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Exercise for a Better Memory

Experiencing cognitive changes as you age is totally normal. Recalling words, such as remembering people’s names, titles of books or movies, is usually the first thing to slip. They come back to you, but it takes longer than it used to. This is more frustrating for you than for anyone else, but it’s not a sign your mind is going; it is only slowing down.

Still, we would all like to stay sharp, even as we age. Unfortunately, there are no certain remedies for keeping your synapses going fast, but there are a few things that might help slow the process. So far, the most likely way to keep your brain functioning at its best is being physically active. Observational studies have shown that people who engage in aerobic exercise several times a week show noticeable improvements in their brain function, especially in their ability to switch quickly between tasks.

Of course, exercise also works to prevent cognitive loss by decreasing high blood pressure, high cholesterol, risk of cardiovascular disease, diabetes, and obesity, which are all known risk factors for developing dementia. When your arteries are clogged, blood flow is reduced to your brain, putting you at risk for dementia. Neurologists are also working on developing mental workouts that people can implement into daily life.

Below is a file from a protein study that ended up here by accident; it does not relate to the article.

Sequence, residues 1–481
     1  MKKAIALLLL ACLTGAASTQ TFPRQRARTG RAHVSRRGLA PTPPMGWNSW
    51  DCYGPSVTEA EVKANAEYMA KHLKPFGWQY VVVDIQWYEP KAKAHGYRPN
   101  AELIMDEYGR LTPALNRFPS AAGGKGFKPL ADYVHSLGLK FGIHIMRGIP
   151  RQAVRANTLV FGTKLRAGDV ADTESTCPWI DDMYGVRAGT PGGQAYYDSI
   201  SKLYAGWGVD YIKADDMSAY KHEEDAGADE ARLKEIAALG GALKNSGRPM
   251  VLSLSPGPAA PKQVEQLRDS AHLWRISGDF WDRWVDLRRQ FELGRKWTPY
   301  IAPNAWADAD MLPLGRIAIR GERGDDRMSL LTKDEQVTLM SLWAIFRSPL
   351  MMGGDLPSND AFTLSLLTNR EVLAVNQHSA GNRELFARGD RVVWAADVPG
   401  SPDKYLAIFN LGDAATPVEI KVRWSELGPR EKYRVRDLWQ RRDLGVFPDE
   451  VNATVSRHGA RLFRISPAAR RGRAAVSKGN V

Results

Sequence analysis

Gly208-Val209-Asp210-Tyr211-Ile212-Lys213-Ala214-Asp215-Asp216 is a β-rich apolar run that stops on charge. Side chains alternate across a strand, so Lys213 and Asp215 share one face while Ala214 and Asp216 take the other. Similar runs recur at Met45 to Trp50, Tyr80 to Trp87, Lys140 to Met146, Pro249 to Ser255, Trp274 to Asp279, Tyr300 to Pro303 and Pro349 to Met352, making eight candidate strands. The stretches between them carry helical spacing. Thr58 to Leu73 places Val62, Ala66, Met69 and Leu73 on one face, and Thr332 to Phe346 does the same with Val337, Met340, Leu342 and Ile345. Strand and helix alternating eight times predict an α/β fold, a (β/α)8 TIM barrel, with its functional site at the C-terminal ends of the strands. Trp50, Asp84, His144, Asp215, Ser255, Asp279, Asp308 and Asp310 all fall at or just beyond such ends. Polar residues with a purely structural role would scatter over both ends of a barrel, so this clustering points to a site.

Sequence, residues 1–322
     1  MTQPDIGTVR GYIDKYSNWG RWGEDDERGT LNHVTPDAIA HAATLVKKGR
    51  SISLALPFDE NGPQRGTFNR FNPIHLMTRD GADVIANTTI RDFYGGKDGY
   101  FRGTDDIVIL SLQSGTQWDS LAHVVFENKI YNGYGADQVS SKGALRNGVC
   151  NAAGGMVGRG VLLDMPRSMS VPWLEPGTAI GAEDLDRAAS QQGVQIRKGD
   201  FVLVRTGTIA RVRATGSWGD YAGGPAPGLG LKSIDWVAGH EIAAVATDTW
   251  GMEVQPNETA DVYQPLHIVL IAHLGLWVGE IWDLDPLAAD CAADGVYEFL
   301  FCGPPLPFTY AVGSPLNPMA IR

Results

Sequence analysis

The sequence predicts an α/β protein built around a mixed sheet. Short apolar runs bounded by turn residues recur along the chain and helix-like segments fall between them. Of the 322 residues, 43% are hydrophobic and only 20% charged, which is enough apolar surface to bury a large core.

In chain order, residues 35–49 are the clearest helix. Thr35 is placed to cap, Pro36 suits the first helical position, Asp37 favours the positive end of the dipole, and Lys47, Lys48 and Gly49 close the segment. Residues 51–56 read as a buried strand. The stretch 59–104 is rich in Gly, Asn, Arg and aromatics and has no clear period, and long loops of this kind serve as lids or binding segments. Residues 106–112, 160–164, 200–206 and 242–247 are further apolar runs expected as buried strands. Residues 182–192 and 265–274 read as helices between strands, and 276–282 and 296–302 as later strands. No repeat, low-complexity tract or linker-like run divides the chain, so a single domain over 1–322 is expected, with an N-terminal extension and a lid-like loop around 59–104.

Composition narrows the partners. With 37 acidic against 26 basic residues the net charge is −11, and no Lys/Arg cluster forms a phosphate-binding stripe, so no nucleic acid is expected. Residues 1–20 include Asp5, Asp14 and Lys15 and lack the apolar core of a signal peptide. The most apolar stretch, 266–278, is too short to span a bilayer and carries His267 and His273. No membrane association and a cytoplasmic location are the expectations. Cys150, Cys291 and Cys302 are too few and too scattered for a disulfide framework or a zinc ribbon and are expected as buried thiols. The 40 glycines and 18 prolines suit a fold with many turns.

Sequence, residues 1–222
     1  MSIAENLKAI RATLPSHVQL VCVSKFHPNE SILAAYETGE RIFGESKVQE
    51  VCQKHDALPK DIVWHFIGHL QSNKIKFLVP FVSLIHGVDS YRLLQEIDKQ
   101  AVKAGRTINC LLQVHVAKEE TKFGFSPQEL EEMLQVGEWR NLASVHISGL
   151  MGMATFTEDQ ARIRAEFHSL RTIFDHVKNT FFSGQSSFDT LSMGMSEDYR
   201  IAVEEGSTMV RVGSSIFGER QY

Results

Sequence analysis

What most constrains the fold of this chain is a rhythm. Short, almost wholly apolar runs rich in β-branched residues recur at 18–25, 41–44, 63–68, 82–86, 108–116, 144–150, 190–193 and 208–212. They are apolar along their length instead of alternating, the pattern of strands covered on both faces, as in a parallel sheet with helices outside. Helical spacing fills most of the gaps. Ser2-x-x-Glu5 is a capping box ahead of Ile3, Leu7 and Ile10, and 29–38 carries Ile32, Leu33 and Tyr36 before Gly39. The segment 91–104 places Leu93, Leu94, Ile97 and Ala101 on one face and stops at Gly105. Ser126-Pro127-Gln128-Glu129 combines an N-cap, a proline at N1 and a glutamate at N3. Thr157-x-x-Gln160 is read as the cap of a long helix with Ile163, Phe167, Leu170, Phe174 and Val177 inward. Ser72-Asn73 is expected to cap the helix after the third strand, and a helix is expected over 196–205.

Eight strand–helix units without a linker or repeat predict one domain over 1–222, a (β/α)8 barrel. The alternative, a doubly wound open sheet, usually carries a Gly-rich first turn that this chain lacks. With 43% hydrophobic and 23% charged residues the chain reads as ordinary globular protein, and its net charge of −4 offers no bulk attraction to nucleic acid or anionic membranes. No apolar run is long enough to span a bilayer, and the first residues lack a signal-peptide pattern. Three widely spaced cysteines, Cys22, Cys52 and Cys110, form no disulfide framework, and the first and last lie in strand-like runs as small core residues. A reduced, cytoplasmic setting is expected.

Do not believe all the ads you might have seen or will likely come across advertising some miracle substance for keeping your memory sharp. Neurologists have found no concrete evidence to support these claims. Actually, estrogen and anti-inflammatory drugs that were once touted as good for slowing memory loss have been found to be more harmful than beneficial. Vitamin B tablets did help people with high blood levels of homocysteine, an amino acid that is linked to heart disease risk, but did not help people who already had healthy levels of the amino acid.

Read the entire article here: Memory worries? Don’t bother with vitamins and supplements. Just get some exercise.